With the southwest monsoon’s progress a worry, the Union department of agriculture is keeping a close watch on 38 districts across the country where the rainfall condition till June has been alarming and chances of drought are the highest.
The assessment is based on rainfall in June and the first few days of July. Of the 38 districts, half are in Maharashtra, nine in Madhya Pradesh and two in Uttar Pradesh.
Of 411 districts where farming takes place during the kharif season, 282 are on the watch list of the government due to poor rains in June and early July. The situation is normal in 91 districts.
As of last Friday, kharif crops were sown in 18.24 million hectares, 43 per cent less than last year and 23 per cent less than the normal area.
The area under paddy, the main foodgrain during kharif, and coarse cereals were at five-year lows of 4.51 mha and 0.17 mha, respectively.
“India Meteorological Department (IMD) has assured us the situation will improve from July 11 and rainfall will revive across central and western India. Till that happens, we are keeping our fingers crossed,” an official said.
He added the biggest impact of the less than normal rain could be felt in Gujarat, Rajasthan and major parts of Maharashtra. “For Gujarat, there could be respite if it rains in neighbouring Madhya Pradesh and Chhattisgarh, as that rejuvenates the Narmada basin. This is not the case with Rajasthan and Maharashtra,” he said.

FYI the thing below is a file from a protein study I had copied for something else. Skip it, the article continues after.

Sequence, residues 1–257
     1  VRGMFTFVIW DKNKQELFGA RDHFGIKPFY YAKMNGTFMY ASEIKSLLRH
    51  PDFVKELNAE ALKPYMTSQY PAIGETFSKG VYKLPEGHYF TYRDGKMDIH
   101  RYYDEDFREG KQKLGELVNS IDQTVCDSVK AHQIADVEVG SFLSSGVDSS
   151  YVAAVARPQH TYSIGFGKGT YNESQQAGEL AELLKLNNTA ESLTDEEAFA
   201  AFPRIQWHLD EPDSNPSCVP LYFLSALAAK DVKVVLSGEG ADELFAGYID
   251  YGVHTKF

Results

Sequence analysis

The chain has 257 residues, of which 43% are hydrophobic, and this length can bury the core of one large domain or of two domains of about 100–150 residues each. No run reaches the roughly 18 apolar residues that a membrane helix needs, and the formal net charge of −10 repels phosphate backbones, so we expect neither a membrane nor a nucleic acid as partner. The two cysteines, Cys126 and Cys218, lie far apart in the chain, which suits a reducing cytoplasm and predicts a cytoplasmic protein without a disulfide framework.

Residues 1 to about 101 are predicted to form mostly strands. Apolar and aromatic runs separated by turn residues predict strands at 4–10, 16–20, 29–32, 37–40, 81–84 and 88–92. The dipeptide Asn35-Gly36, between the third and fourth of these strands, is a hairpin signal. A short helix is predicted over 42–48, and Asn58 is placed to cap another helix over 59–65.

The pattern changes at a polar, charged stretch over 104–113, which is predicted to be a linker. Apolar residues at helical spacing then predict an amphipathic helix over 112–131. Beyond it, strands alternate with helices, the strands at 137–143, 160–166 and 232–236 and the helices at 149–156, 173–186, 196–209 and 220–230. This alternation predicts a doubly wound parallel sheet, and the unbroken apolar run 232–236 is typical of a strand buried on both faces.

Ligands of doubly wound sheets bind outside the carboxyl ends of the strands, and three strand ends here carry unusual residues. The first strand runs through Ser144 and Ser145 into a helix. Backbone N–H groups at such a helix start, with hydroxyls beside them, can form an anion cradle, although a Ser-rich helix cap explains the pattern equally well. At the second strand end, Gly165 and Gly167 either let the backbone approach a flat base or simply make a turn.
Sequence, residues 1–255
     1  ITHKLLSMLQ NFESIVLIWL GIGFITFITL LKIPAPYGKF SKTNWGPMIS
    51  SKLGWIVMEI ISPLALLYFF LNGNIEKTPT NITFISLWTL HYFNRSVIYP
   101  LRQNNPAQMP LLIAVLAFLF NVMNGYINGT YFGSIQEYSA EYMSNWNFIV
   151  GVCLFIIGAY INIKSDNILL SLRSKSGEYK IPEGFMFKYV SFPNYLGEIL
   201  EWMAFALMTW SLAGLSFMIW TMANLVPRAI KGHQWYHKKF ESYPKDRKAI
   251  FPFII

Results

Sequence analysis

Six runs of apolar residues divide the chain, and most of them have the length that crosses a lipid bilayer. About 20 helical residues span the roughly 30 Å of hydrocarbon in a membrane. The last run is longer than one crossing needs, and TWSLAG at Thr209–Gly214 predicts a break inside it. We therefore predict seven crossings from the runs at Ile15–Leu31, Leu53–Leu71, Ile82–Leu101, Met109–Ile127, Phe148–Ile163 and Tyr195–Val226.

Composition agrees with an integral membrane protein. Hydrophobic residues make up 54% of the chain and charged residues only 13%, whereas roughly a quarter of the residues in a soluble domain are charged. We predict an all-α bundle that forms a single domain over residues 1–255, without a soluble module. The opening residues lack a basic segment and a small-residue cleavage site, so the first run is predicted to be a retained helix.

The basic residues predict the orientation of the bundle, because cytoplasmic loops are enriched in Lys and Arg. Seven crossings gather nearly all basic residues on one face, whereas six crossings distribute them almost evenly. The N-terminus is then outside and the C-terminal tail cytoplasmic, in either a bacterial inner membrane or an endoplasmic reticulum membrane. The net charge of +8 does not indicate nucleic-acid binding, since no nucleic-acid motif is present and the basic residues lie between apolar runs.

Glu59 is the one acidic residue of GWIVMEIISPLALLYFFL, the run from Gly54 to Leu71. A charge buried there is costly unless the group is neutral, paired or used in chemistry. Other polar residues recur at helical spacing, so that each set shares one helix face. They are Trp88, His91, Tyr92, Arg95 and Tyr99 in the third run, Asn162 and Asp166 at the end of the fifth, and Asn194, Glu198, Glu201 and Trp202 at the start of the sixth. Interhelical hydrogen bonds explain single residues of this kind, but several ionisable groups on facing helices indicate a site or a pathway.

He added July was the most important month for sowing, as it gets the largest amount of rain during the four-month monsoon. So, a clearer picture would emerge after the middle of the month.
IMD’s second stage forecast, issued in June, scaled down the rainfall estimate 93 per cent of the Long Period Average from 95 per cent in August, both below normal. Actual rainfall from June 1 to July 6 had been 43 per cent below normal, among the worst in recent years, it said.
Private weather forecasting agency Skymet had last week lowered its forecast for the monsoon rain to 91 per cent of average rainfall of the past 50 years; its earlier projection was 94 per cent. And, raised the probability of drought across the country to 60 per cent, as against its earlier estimation of 25 per cent. A meteorological drought is declared if 20-40 per cent of the country receives less than normal rains.
“The worst chance of drought is expected in northwest India at 80 per cent, followed by central India at 75 per cent and the south at 50 per cent,” Skymet said.
The patchy progress of the monsoon is also having its impact on the water levels in 85 important reservoirs. Till July 3, water levels in the storages were 36.87 billion cubic metres, 24 per cent of full capacity. Water in most reservoirs across the western, central and southern parts was below last year’s level.